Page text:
I learned some interesting lessons and the answers to the these questions when I was able to participate in a Community Action Poverty Simulation presented by RECAP, Inc. (Regional Economic Community Action Program), in conjunction with the New York State Community Action Association Inc.
This program is designed to be a learning tool to help people see some of the realities of poverty. During the simulation some were senior citizens, some disabled. I was a 17 year old drug-dealing school dropout living with my unemployed mother and 14 year old sister. Our father had left us with only $10.00, my mother’s wedding ring, a stereo, stove, refrigerator, microwave and a couch. My girlfriend was pregnant with my baby. What to do first? We only had two transit passes. My mother took one and went to Social Services for food stamps and housing assistance. I took the other and went to a food pantry. I was able to get a voucher for food, but had no transportation to get to the grocery. I went home to make sure my sister went to school. Mother returned with two transit passes, so she took one to go to the employment office and I took one to go to the pawn shop to pawn the wedding ring. Although it was valued at $100.00 the pawn broker would only give me $20.00 and I could not let it go for that. He was not interested in the furniture.
I wandered the streets until I was able to trade some drugs for a refrigerator and a microwave. I sold the fridge on the street for $20.00 and the microwave for $10.00. The landlord came and told us we were behind in the rent and owed $300.00. He would not take the housing voucher for past due rent and insisted on cash. The utility company turned off our gas. I went with my mom to the police station looking for help. We told the officer we needed a couple of dollars so she could get to the pawn shop to pawn her wedding ring. She was arrested because she could not prove that her ring was not one of the recently reported stolen rings. Since I was only 17, he would not let me leave on my own, so we both spent time in jail until he completed his investigation. My sister needed money for a school trip, so I gave her $10.00. She ended up losing $5.00, truly she simply lost it.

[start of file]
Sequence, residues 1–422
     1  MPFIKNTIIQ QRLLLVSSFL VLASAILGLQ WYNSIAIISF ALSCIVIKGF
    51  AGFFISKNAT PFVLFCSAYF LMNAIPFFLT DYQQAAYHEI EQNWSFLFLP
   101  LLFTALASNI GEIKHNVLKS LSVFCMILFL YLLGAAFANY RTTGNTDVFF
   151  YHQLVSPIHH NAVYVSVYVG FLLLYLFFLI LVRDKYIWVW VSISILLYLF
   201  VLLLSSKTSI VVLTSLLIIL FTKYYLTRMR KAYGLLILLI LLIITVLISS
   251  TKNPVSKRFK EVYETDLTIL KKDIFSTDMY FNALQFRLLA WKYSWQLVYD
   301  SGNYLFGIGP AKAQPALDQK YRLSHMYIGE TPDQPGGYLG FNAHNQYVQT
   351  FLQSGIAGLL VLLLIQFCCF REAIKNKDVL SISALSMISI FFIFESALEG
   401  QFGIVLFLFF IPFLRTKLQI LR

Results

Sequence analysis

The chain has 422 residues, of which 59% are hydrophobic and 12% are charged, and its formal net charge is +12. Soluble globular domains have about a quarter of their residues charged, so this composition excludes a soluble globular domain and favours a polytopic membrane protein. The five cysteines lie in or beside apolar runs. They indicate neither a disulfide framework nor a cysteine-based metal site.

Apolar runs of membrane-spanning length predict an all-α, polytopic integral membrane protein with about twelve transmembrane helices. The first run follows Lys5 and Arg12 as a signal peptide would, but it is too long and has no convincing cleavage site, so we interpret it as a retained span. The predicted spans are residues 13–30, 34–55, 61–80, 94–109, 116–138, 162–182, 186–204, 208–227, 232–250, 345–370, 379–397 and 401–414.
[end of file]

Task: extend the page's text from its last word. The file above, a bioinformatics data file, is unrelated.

It was not until the last week of the month that my mom got a job. The difficulties of getting around, dealing with service providers and meeting the basic needs was unimaginable.
Fights and arguments between the service providers and those in need were frequent, with frustrations on both sides. I waited in line to get some food only to be told that I could not have it because I lacked the necessary transit pass. Some service providers were upset that they could not help more. Others were less so.
The vendor who sold the transportation tickets and gave change for social services vouchers reported that he cheated every single person he dealt with during the simulation.
The practical day to day difficulties faced by those in need are staggering.
The poverty statistics in our own Orange County are frightening.
So, what can you do?
RECAP suggests the following:
Commit to make a difference.
Talk about poverty.
Volunteer to help.
Advocate by alerting government officials, newspaper editors, local businesses to the impacts of poverty on our community.
Socialize with people of all economic backgrounds.
Howard Protter is a partner on the Municipal Law Team. He can be reached by phone at 845-778-2121 toll free or 845-778-2121 and by email.